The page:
Every one and i do mean EVERY ONE in marketing and advertising is a wanna be. You all want some thing and want to become something which is far fetched and frankly and ridiculous exisitence in the real world. Offcourse we live in a bubble in Pakistan. And in that bubble any thing is possible . Be grounded understand your traditions, we are unique and we have a lot to offer the world. Be comfortable in your skin.

    Ill give you an example, to simply put my money where my mouth is. For shezad roy’s charity Zindagi trust. How will you direct investment and donations in 12hrs towards Zindagi trust, using new media, social media and TV. And I shall point out that I am referring to a handsome amount and a fulfilling campaign which can actually make an impact and progress the trust to new heights. You guys cant even come up with a scedule of decent programming on one channel and you are talking about original content on social and new media. Hilarious !

    Bottom line you all are academics, so called brilliant consultants but in my decade of working in this industry I have probably come across 10 campaigns or people who have the answers which cater to our speciifc questions not in general.

    In marketing one activity should lead to another. One revenue source should generate multiple. And please you guys. Indirect Marketing and direct advertising.Also my rant may be above and over your understanding, so please do get back to me if you want me to elaborate.

    Again my apologies but its really getting old and repetitive and routine. fed up. :)
    Stop recomending new things, go ahead and actually put it to practice.

  2. great thought i love to read it so nice .

  3. Thanks for sharing Samra. It’s interesting that these ideas are as relevant to me in Canada as they are to you in Pakistan.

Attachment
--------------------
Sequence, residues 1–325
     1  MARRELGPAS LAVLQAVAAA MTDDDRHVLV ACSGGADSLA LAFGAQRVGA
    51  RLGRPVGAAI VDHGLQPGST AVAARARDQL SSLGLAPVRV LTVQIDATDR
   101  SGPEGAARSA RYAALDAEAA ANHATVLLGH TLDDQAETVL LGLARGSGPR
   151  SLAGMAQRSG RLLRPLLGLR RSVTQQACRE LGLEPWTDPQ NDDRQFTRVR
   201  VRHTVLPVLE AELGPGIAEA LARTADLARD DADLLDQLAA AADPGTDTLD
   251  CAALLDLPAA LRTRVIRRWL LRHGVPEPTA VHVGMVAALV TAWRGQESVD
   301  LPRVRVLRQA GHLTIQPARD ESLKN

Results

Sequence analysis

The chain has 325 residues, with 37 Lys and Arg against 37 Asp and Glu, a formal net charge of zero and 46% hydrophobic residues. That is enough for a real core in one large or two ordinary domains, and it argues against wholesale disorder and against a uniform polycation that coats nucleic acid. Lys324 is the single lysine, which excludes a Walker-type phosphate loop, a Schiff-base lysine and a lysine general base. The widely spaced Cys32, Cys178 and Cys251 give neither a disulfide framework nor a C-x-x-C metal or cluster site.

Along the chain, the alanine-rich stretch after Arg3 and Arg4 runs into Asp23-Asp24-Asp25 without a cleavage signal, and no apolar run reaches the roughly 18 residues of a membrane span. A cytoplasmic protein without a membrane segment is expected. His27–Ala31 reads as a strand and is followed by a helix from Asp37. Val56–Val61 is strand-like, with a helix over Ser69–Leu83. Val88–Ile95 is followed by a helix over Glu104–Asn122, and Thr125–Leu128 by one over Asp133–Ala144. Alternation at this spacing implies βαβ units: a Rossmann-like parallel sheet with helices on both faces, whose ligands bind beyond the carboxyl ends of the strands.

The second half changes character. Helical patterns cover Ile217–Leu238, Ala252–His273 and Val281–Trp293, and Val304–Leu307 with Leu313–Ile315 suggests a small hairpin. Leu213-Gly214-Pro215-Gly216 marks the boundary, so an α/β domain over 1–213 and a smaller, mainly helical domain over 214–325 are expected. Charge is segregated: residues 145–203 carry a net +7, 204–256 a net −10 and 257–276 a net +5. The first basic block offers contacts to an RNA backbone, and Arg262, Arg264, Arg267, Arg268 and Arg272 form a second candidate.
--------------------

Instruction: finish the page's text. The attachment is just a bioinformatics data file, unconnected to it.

I always think of building a brand strategy from the bottom up. Meaning I start the communication strategy thinking about the platform with the widest appeal and most functionality. Mobile friendly, Digital blogs / sites that can convert are usually the answer. Then I think of building a digital archive of proof to support the brand promise ie. social objects. Then I think about the platforms that the desired market uses where I can amplify the proof and push people into the funnel which is built to pull them in.

  4. Good piece – couldn’t attend the event but this is a good wrap-up of what went down!

  5. Yasmin Malik says:

    I was glad to see that Digit focused more on local digital initiatives this year. It is really important to highlight the potential and shortcomings of Pakistan’s digital economy and to share local data and statistics and above all, success stories in digital. This year, there was thankfully a focus away from just Facebook – which, incidentally, is not the end and be all of Digital Marketing! Focus on potential of mobile platform, e-commerce (by both local and foreign speakers) and Urdu Internet was really insightful. Some of the foreign speakers should have done bit better homework on the Pakistan digital environment. But this year, much of what the foreign speakers covered seemed more doable and applicable in Pakistan given that our digital economy has grown in the last year. Overall, I found Digit 2.0 to be a great learning experience and look forward to it next year. Samra, I have posted the link to your article on LinkedIn as well.